The Syrian Kurdish National Council (KNC) is the main rival bloc of the PYD and its leader Abdel Hakim al-Bashar, who lives in exile in Erbil, told the author in the following anecdote which allows an interesting look behind the scenes: “In 2012 and 2013 I received several invitations from Iran. Indeed, in September 2013, I visited Iran at the request of their Ministry of Foreign Affairs. Several people welcomed us at the airport. The next day they took us to the security building. And a high representative met us. He started explaining that they have offered the Kurds a lot and that they also want to be of service to us.”

Then, he started asking “what’s your problem with the PYD?” I told him we have two fundamental problems with the PYD, a political problem and a military problem. Politically, we are with the opposition and the PYD are with the regime. We want the regime to leave, and they want the regime to stay. They became very angry because of these words. And we have a military problem, we have troops in Erbil. And we want them to enter Syria. But the PYD troops at the border won’t let them in. And they said: we Iranians can help you with this matter. He left the political side and started talking about the military side.

Those two problems together are very big for us. And they said: ‘we can help you get these KNC troops into Syria, but on condition. Just like the YPG, you follow the regime’s instructions. You can still have your troops in Syria. If you agree, we’ll have them come in tomorrow and give you the money you want and the weapons you want, ammunition, cash and everything.’ And he also said that if you agree to follow orders from the regime, you will get a large part of the administration, the self-administration that will be established. And you can design an administration as you see fit.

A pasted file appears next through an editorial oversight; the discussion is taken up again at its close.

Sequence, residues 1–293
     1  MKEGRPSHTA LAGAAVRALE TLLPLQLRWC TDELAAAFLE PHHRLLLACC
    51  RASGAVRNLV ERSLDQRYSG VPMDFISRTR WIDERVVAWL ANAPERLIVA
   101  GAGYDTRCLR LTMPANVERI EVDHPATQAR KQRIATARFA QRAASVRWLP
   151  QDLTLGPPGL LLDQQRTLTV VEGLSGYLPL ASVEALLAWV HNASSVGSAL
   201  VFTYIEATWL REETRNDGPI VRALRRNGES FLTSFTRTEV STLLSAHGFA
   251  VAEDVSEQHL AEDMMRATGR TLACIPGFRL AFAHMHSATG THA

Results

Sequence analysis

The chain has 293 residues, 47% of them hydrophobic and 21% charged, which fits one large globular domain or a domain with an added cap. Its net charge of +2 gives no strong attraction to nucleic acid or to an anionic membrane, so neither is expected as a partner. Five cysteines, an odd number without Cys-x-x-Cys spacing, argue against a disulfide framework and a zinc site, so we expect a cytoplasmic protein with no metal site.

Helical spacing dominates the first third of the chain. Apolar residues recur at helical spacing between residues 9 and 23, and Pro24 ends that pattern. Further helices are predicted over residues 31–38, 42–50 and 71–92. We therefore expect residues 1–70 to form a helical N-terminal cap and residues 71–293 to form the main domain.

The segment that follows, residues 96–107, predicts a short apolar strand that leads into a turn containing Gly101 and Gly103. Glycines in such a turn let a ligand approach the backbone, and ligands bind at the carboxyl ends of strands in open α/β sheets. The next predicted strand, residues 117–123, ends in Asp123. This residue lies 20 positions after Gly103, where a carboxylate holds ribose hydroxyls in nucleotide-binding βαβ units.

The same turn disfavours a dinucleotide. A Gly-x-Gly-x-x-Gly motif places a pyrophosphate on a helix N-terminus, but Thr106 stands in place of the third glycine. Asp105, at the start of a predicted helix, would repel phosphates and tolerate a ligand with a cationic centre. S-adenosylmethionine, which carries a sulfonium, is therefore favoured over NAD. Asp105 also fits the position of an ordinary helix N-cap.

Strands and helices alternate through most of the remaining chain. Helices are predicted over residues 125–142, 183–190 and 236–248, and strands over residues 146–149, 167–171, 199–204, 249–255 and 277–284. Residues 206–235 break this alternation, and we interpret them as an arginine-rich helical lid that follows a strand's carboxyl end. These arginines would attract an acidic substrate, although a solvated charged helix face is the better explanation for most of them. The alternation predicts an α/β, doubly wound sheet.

A discussion arose between him and me about this. And then he asked, would you like to meet Salih Muslim? And I told him I have no objection. He went to a room and brought Salih Muslim with him. And then he started talking. I was with another person, Saied Omar. The Iranian man spoke fluent Arabic, but there was also a translator. Sometimes the translator made a mistake, and he corrected the translator.

I was very surprised. I thought there would be an appointment later on. I’ll meet him somewhere nearby and then he came into the room here. I did not expect such a warm relationship between Iran and Salih Muslim, not in this form. Then the Iranian said to Salih Muslim what we had discussed earlier. Muslim agreed. Then the conversation turned to whether we could terminate the current Administration so that a new Administration would come. But it turned out that Salih Muslim had reservations about this. He did not decline but had reservations. The Iranians got annoyed and said, “we will decide on what you and Qandil and al-Maliki and Assad should do.” The Iranian said this in a disrespectful manner, in a compelling way. The meeting was in September 2013. Most importantly, after we finished, I said that if I don’t speak to the Iranian Foreign Office, I believe that the meeting did not take place.

I was angry because the invitation was from the State Department. If the invitation had been from security, the answer would have been: ‘The decision rests with us, not with the State Department.’ Then I said to Salih Muslim, let’s go out together for a while. They gave Salih Muslim a very old car, a Peugeot 104, Iranian produced. Salih Muslim wanted to open the door, but the door wouldn’t open, he tried to open the door, but he could not. I said to my colleague, you see the scene. He said, what do you think? This is supposed to be a leader at this level, they don’t care about him at all. That I could see this with my own eyes. And they gave us a big jeep.”

Abdel Hakim al-Bashar didn’t accept the offer.

Rena Netjes

Rena Netjes is an Arabist who focuses on governance and security issues in northern Syria. Netjes used to be a correspondent in Egypt and Libya. Her writings and bylines have appeared in outlets such as The New York Times, De Telegraaf and Atlantic Council.